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State throws Five Points project a curve ball, ‘party still over’ for grocery store

Five Points Grocery appears to be getting at least a temporary stay on its recently imposed death sentence.
According to Town Administrator Bob Browning, the Tennessee Department of Transportation has not made a decision yet whether to construct a traffic circle or install a traffic signal at the dangerous intersection where the grocery sits — and has put designs for the intersection on hold until it can gather more information.
With a traffic circle, Five Points Grocery, which falls in the right-of-way, would be bought and torn down by the state. With a traffic signal, grocery owner Kelly Street would keep her building, but see her already tiny parking lot made even smaller.
Browning said the final decision for the intersection has always been up to the state, and Jonesborough was simply asked to give its preference for a design since cost estimates for the traffic signal and circle were close.
Last year, Town leaders said they preferred the traffic circle, partly because they had been told the cost would be less for the Town than if they chose the traffic signal.
In a recent meeting, TDOT said it would pause the Five Points project while it looked at costs for property acquistion for both the circle and the signal.
“They wanted to make sure, since there is more [land] acquisition with the circle option than with the signal, that they had realistic figures related to the right-of-way acquisition,” Browning said. “So they are asking their right-of-way division to look into it quickly. They put the process on temporary hold for a few weeks.”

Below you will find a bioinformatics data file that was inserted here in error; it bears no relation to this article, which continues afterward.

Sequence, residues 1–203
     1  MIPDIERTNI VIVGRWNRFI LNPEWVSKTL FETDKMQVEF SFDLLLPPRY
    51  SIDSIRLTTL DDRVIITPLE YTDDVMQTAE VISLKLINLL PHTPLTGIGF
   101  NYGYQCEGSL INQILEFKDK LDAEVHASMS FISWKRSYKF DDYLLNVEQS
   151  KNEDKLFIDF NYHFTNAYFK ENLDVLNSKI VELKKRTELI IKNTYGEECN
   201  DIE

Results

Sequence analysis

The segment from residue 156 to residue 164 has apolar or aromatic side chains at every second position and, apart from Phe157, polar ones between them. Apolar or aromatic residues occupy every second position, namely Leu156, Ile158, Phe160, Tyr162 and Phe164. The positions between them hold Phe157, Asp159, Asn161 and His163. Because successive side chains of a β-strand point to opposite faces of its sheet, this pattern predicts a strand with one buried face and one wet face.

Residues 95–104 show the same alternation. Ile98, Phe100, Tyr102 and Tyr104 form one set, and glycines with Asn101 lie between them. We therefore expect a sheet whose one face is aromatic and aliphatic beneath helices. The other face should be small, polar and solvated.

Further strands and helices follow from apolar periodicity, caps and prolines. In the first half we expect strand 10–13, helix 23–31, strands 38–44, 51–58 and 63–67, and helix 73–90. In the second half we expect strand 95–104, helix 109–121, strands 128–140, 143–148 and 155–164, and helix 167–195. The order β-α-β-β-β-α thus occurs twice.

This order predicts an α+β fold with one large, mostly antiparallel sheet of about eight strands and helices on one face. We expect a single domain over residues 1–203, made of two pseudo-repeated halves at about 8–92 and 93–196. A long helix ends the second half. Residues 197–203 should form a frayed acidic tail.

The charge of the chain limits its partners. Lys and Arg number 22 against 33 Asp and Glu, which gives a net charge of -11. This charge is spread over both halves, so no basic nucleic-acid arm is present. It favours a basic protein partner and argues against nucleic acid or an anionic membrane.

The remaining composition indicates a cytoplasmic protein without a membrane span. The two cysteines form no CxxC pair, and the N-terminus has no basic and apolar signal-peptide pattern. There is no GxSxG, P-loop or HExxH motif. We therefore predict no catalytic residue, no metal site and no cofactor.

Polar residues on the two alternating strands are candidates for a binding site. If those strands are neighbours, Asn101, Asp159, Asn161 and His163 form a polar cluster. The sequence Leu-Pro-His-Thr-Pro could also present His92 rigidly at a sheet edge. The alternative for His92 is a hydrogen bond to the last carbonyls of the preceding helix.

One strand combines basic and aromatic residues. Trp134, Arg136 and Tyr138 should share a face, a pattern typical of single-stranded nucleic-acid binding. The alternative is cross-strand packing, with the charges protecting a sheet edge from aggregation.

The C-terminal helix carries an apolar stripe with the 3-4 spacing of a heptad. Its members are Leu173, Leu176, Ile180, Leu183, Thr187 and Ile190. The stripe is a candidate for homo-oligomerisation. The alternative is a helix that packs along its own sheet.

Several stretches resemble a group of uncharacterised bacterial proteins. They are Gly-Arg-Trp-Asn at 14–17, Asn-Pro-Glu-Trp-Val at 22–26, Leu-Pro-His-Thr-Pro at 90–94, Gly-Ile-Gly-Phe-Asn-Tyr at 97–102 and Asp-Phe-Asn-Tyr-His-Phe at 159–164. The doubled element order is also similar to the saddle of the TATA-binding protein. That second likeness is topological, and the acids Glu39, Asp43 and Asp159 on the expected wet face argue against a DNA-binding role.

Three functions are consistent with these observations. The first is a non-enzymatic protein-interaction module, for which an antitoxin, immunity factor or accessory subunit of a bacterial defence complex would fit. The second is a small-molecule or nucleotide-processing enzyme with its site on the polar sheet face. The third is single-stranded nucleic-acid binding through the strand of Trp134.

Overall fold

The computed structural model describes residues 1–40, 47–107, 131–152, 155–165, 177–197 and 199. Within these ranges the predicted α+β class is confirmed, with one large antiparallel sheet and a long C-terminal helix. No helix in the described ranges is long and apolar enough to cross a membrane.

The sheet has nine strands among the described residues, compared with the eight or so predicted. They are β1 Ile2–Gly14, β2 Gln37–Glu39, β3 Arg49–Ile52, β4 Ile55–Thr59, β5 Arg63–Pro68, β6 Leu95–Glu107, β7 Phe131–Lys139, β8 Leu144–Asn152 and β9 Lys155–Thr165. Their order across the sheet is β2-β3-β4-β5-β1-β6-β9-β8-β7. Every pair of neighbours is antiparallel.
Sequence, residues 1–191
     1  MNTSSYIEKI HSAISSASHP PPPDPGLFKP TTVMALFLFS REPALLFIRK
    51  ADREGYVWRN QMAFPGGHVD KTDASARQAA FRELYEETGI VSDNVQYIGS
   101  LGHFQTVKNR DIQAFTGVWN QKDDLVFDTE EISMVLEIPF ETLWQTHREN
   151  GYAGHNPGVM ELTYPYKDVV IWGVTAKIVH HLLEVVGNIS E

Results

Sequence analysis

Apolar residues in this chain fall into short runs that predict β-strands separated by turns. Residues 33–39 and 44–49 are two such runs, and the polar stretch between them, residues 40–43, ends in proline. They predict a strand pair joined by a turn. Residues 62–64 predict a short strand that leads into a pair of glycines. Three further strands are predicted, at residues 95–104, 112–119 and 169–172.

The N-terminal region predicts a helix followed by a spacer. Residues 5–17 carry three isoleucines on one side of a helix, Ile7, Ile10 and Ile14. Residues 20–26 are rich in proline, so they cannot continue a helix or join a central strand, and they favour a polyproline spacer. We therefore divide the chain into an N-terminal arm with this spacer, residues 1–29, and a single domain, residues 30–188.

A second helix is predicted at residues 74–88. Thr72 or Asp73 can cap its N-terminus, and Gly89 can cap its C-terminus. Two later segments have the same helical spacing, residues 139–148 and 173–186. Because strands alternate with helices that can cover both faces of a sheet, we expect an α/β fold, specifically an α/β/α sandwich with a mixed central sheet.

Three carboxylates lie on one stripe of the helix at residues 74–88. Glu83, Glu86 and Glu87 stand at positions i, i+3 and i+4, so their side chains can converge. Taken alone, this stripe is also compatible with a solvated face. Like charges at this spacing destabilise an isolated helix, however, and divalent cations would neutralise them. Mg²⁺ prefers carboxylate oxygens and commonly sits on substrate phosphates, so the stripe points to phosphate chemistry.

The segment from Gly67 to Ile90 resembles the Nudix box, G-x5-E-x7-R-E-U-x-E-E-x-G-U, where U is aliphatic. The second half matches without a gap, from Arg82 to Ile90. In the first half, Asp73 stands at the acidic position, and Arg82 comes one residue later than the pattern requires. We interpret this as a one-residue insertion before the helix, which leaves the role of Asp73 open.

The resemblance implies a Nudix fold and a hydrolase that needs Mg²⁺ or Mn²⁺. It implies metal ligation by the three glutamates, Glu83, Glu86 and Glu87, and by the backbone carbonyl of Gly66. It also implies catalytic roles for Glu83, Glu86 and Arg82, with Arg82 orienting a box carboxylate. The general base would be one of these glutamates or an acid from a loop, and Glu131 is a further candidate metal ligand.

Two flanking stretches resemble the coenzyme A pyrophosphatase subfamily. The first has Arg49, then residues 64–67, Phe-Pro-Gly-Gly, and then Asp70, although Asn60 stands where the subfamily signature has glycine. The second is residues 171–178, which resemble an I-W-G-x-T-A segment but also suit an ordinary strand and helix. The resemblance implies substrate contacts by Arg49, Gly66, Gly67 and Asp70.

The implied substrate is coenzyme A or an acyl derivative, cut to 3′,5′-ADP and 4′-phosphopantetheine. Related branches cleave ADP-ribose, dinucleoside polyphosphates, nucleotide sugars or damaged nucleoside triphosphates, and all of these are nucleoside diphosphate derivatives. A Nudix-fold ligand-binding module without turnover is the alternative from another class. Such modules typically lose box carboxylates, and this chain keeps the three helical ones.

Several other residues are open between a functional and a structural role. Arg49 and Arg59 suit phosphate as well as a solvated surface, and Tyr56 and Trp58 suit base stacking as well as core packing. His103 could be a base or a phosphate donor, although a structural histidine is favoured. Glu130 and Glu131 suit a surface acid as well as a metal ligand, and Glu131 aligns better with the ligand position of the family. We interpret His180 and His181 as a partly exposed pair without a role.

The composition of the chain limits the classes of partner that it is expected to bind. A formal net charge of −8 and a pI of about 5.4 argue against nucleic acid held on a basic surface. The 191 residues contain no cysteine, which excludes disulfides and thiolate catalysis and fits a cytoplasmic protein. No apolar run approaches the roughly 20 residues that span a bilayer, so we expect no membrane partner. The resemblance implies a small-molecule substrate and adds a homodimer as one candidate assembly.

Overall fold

Browning said he was told by TDOT that its project engineer was incorrect in telling the Town a signalization project at Five Points would require a 10 percent match, which would have cost the town between $90,000 and $100,000.
Both alternatives would be 100 percent funded if the final cost was under $1 million, according to a new report.
However, even if the state goes against the Town’s preference of a traffic circle, Street said her days at the store are numbered.
“If I don’t have a parking lot, I don’t have a store,” Street said. “Either way, the party’s over at Five Points.”
Street said her parking is already so limited and the lot becomes extremely crowded on weekends, and beer trucks can barely fit in as is. She said she can’t buy the property behind the store, and she can’t afford to purchase a lot across from the store because it is too expensive.
Browning said he is sending Street a letter which outlines what he’s learned in Nashville regarding improvements to the intersection.
At its Oct. 12 meeting, the BMA chose a traffic circle as the best option for the intersection, where Tenn. Highway 81 South, Tenn. Highway 353 and Washington Drive all meet. The circle has a right-of-way that cuts directly through Street’s store. The Jonesborough Traffic Committee recommended the traffic circle because it would reduce vehicle speed, which in turn would reduce accidents and injuries, according to town documents. It also would better accomodate the trucks that access Depot Street, and allow traffic flow 24 hours a day, unlike the traffic signal.
Browning said he told TDOT either option would be OK with the Town, and the Town realized that they would ultimately make the decision.
The Town’s biggest concern is that nothing will be done at the intersection, Browning said.